Just a few hours before the Phillies’ spring-training clash on Sunday afternoon with the Detroit Tigers, manager Joe Girardi scratched star catcher JT Realmuto from the lineup where he was supposed to be the designated hitter.
The decision obviously presented initial concerns about the health of the 30-year-old backstop at the start of his new contract with the Phillies, but Girardi downplayed reasons for Philadelphia fanatics to panic.
“When I walked in this morning, he had some general soreness in his body,” Girardi said. “He had probably 7-to-10 at-bats yesterday [in a simulated game], he threw to bases, he caught.
“I just said, ‘Hey, it’s cooler today, you have general soreness. I’m not going to play you for three at-bats, I don’t think it’s worth it. Let’s just see how it goes tomorrow and we’ll try to get you in.'”
Realmuto had fractured his thumb while catching a bullpen session when pitchers and catchers initially reported to spring training last month. While he is expected to be ready for Opening Day, he has yet to make an appearance in a live spring training game.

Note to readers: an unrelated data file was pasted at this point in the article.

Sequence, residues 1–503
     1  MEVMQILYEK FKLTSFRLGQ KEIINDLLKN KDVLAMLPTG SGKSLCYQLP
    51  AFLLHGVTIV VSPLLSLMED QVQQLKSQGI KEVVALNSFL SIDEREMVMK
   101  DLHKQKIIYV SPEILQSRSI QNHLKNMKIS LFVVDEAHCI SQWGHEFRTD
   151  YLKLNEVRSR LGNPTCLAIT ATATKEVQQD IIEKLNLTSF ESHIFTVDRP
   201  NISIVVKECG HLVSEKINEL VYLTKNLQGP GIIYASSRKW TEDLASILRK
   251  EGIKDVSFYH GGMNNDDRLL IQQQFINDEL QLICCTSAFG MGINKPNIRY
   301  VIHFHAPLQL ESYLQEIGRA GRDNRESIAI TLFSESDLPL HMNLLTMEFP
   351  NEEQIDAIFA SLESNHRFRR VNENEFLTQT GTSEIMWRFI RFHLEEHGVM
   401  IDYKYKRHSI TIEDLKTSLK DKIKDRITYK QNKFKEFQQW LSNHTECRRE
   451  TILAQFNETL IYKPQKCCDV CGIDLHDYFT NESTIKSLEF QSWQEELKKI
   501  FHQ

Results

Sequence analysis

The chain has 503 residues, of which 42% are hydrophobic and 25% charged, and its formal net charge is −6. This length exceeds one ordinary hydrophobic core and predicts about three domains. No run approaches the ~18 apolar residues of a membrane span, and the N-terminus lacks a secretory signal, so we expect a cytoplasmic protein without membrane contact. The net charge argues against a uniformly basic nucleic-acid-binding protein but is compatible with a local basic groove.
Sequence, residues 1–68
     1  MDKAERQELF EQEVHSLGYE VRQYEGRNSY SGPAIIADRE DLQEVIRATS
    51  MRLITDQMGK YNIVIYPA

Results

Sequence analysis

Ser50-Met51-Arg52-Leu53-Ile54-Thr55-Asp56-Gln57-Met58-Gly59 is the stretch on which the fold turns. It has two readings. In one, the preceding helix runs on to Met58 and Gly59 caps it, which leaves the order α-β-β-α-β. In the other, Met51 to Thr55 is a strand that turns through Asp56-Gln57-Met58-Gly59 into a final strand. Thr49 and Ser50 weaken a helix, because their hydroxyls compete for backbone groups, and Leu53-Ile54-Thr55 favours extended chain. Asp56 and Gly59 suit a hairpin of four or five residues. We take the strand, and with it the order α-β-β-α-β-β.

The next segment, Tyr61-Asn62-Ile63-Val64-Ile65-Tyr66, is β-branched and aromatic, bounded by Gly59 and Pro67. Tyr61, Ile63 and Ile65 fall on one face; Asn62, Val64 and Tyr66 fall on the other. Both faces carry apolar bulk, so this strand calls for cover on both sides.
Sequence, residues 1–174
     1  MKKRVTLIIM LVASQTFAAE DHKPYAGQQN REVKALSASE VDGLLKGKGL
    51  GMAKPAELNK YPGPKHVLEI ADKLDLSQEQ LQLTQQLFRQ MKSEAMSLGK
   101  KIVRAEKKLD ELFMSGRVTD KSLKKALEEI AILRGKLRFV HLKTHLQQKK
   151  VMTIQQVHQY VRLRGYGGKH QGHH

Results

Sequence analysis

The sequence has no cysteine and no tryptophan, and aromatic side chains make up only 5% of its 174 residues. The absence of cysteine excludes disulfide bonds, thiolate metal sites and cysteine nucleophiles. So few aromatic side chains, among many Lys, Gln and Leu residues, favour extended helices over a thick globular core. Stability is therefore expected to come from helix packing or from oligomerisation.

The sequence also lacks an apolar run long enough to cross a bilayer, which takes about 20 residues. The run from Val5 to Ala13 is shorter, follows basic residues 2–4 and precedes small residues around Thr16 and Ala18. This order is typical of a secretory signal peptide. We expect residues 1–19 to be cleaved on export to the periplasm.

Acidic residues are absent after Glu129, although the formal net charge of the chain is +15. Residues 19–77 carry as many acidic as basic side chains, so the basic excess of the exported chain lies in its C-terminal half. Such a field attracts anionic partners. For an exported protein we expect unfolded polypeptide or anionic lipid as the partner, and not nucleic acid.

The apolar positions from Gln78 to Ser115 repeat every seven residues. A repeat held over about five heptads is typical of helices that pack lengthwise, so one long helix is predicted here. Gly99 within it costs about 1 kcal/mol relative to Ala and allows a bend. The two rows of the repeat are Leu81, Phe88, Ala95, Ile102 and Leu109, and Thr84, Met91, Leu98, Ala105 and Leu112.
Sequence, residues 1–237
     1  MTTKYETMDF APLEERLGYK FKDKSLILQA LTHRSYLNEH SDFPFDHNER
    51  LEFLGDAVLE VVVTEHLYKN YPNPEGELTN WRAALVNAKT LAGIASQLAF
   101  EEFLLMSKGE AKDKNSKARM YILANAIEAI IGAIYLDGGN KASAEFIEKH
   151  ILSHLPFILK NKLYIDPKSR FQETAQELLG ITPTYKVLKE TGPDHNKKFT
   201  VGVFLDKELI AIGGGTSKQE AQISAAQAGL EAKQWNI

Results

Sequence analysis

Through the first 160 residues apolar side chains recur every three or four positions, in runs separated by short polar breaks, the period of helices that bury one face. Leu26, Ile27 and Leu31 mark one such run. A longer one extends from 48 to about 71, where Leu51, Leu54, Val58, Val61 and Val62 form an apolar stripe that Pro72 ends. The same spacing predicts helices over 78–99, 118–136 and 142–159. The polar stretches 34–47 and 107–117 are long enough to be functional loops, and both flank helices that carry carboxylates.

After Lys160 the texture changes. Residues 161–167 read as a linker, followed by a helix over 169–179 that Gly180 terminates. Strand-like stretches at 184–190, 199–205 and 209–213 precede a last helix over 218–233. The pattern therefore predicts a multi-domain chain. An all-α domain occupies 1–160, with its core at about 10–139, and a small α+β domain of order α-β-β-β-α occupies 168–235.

The plan has long been to get Realmuto some at-bats in spring as a designated hitter, allowing him to stay fresh and fully recover for the start of the regular season.
“He understood,” Girardi said. “He even said the important day is April 1. The important day is not today, even though we want to get him as many at-bats and get him behind the plate as soon as we can.
“We need to make sure he’s completely healthy and we don’t jeopardize anything else by trying to rush this.”
Realmuto is beginning a five-year, $115.5 million deal with the Phillies where his health and availability will be just as vital to his team’s chances of competing in a stacked National League East as a Bryce Harper or Aaron Nola.
With no designated hitter in the National League this season, there aren’t as many opportunities to preserve Realmuto if he is feeling the wear and tear of playing the toughest position in baseball. Hence why Girardi and Co. are practicing extreme caution with less than two weeks remaining until Opening Day.